You are on page 1of 13

CZU 02+94”0/03”+929(082)=135.1=111=161.

1
Z 31

Editori:
Aurel Zanoci
Tudor Arnăut
Mihail Băţ

Volumul apare cu suportul financiar al Direcţiei Cultură a Consiliului municipal Chişinău.

Descrierea CIP a Camerei Naţionale a Cărţii

Studia archeologiae et historiae antiquae: Doctissimo viro Scientiarum Archeologiae


et Historiae Ion Niculiţă, anno septuagesimo aetatis suae, dedicatur / Aurel Zanoci, Tudor
Arnăut, Mihail Băţ; Univ. de Stat din Moldova. - Ch. : „Bons Offices” SRL. - 420 p.

200 ex.

ISBN 978-9975-80-239-0

Coperta & design: Ivan Litsuk


Editare şi tipar: Casa Editorial-Poligrafică „Bons Offices”

Responsabilitatea asupra conţinutului articolelor revine în exclusivitate autorilor.

ISBN 978-9975-80-239-0 © Autorii


Marija Ljuština, Katarina Dmitrović

THE BRONZE AGE VATIN CULTURE


IN THE WEST MORAVA BASSIN –
CASE STUDY OF SOKOLICA IN OSTRA

Despite being thoroughly studied throughout the whole 20th century, the Bronze
Age in Serbia is still unsufficiently known. Uneven state of exploration caused that
the picture of the Bronze Age looked like a patchwork formed of many cultural
groups. The cultural relationships among the groups, their chronology and territo-
rial determination are to be defined more precisely. Meanwhile, studies of certain
sites have been done inside boundaries of already named and determined cultural
groups, the site of Sokolica in the village Ostra being no exception.
The Bronze Age material from Sokolica was ascribed to the Vatin culture/Vatin
cultural group (Стојић 2000; Дмитровић, Љуштина 2007). This cultural phe-
nomenon is one of the crucial elements in understanding the Bronze Age develop-
ment in Serbia (Garašanin 1983, 504-519; Vasić 2006, 449). Surprisingly, inter-
pretations concerning its place and role vary from the ones treating it as a local
group and even as a pottery style, to the ones which recognize a vast complex,
spread all over the Central Balkans and important for ethnogenesis of Palaeo-
Balkan tribes. In contrast to many of the Bronze Age groups which were defined
and studied in the second half of the 20th century (e.g. Belotić-Bela Crkva group,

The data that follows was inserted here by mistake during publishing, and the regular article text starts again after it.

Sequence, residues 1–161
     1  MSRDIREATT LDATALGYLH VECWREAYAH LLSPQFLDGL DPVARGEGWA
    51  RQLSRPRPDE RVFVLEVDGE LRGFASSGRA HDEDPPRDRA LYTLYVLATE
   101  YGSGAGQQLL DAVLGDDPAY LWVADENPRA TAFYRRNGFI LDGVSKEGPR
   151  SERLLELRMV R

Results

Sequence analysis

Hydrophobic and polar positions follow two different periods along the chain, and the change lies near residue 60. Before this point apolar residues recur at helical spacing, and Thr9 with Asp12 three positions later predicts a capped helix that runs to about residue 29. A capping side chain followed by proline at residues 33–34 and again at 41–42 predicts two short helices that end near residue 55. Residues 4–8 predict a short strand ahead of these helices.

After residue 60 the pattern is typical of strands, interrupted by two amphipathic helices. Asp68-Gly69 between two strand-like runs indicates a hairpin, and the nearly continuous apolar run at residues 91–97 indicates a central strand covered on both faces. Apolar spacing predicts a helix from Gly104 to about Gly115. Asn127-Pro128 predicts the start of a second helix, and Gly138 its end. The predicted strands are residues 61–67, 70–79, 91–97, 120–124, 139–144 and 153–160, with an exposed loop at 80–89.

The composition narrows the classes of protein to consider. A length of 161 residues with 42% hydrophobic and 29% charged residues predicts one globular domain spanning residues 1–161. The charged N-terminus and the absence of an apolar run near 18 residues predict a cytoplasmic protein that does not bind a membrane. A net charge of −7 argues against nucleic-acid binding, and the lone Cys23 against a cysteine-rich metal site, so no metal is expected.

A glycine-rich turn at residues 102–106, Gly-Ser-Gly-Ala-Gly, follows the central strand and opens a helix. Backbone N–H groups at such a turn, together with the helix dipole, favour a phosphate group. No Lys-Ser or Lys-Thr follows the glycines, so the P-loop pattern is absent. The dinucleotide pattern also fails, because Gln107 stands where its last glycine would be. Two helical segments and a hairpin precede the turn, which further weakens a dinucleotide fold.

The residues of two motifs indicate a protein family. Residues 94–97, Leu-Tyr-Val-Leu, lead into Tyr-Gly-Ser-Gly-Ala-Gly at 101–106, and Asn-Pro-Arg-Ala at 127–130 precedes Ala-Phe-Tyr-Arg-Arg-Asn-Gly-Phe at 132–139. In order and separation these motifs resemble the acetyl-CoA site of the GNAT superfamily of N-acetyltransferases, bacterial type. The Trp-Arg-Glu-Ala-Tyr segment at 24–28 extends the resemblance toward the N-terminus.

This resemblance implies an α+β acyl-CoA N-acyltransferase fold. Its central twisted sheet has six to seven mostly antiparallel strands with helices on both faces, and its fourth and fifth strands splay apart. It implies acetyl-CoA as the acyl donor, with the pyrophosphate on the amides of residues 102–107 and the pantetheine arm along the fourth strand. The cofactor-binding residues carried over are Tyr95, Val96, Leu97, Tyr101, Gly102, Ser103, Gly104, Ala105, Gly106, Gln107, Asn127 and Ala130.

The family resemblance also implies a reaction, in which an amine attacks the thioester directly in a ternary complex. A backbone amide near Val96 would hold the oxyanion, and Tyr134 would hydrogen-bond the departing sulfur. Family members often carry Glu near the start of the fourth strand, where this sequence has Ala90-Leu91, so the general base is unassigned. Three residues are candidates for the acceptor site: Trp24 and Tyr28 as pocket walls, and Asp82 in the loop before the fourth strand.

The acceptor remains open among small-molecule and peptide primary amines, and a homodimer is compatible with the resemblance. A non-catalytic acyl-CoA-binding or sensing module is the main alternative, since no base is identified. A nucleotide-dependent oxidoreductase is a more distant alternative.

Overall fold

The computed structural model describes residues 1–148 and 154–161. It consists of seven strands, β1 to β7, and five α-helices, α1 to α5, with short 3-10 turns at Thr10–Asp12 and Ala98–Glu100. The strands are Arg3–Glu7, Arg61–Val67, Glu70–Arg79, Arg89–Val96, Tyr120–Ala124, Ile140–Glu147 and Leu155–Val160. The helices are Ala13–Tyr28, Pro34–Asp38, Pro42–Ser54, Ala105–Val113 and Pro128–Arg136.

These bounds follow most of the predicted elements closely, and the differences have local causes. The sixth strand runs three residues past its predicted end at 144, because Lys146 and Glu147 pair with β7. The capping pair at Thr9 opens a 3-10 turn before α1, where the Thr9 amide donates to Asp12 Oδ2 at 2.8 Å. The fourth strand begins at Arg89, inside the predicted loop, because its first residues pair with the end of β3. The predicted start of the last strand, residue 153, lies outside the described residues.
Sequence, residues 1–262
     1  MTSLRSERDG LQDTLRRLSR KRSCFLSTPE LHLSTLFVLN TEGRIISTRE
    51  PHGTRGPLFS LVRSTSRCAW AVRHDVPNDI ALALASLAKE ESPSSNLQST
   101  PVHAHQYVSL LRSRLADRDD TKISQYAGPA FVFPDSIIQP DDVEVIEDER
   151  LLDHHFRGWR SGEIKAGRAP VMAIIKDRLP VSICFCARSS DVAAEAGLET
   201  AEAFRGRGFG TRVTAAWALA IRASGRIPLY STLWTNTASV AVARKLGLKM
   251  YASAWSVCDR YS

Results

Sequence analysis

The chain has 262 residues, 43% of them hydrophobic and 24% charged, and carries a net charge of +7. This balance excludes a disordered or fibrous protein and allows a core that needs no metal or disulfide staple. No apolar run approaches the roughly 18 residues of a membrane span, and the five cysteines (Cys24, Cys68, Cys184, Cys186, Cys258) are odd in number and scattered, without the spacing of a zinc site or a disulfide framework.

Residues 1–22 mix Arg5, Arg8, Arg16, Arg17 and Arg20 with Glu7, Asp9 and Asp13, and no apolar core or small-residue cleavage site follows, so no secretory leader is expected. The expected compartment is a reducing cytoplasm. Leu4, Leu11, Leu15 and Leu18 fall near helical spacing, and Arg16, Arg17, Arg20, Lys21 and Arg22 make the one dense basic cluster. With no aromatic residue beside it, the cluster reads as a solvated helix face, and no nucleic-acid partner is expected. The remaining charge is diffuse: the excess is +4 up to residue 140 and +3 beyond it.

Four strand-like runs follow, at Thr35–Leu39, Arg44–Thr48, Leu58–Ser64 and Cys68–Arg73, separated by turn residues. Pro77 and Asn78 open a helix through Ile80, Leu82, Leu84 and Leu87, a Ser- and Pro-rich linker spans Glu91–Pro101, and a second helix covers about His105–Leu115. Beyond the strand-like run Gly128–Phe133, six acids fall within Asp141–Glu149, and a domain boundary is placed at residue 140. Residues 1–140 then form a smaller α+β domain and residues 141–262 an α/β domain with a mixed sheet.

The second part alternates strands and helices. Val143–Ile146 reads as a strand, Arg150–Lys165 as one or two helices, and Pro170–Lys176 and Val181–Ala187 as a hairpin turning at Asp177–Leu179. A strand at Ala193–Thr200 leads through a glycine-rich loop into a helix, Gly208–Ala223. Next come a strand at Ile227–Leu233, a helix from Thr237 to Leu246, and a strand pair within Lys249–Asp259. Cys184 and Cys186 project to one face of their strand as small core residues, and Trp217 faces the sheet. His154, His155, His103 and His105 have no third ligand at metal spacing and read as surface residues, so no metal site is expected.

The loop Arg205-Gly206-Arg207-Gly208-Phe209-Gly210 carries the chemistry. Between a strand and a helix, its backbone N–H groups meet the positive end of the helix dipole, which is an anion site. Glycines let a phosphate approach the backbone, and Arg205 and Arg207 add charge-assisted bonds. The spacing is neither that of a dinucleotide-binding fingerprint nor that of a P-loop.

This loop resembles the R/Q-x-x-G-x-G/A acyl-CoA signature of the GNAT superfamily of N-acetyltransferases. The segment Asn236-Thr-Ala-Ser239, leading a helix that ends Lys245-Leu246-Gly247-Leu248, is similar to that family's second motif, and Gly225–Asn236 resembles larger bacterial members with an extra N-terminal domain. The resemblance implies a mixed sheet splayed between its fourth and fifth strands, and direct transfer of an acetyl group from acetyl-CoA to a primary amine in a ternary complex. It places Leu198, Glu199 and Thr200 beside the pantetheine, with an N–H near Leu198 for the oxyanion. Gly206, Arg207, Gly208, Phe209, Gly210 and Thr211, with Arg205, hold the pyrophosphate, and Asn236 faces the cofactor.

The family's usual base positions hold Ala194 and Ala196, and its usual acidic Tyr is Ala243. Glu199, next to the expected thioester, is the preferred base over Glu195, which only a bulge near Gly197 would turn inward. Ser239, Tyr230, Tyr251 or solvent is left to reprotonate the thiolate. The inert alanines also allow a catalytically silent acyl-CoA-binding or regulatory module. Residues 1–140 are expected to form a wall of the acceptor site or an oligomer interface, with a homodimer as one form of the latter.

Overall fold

Paraćin group, Brnjica group etc.), the Vatin culture have been known from the
beginning of the 20th century. The culture was named after the site Vatin near
Vršac, north Serbia, which was excavated and the material was published at the
beginning of the 20th century, namely in 1905 (Milleker 1905). The first and most
important to that effect was a contribution of Felix Milleker, the Vršac City Musum
curator, who was the first to excavate the site Vatin and many other sites in Banat.
The excavations provided much Bronze Age material, unfortunately without
precise data and certain archaeological context. That was the reason why in the
beginning all the material from the site was ascribed to the Vatin culture. Later
analyses revealed that the finds belonged to various Bronze Age periods and dif-
ferent cultural phenomena, not only to the Vatin culture.
The Vatin culture was recorded at many sites, the most important being
Židovar, Omoljica and Pančevo in Banat, Belegiš, Gomolava and Gradina on the Bo-
sut river in Srem, Feudvar and Popov salaš in Bačka, Vinča and Ljuljaci in Serbia to
the south of the Sava and the Danube. The Sokolica site, as a representative from
the West Morava bassin, can be incorporated in the southern group of the sites.

STUDIA ARCHEOLOGIAE ET HISTORIAE ANTIQUAE 53


MARIJA LJUŠTINA, KATARINA DMITROVIĆ

None of these sites offered conclusive


stratigraphic data that would permit
a definite explanation of the develop-
ment of the entire Vatin culture (Vasić
2006, 449). Still, thorough analysis of
archaeological material from any of
the Vatin culture sites can be the way
to solve the problem of main features
of certain chronological phases and/
or local variants of the culture.

***
The hillfort site Sokolica in the
village Ostra is situated near town
Čačak, exactly on the border be-
tween Western and Central Serbia.
It is placed on a dominant hill at the
eastern periphery of the vast West
Morava valley (pl. I). The praehistoric
settlement existed only on the surface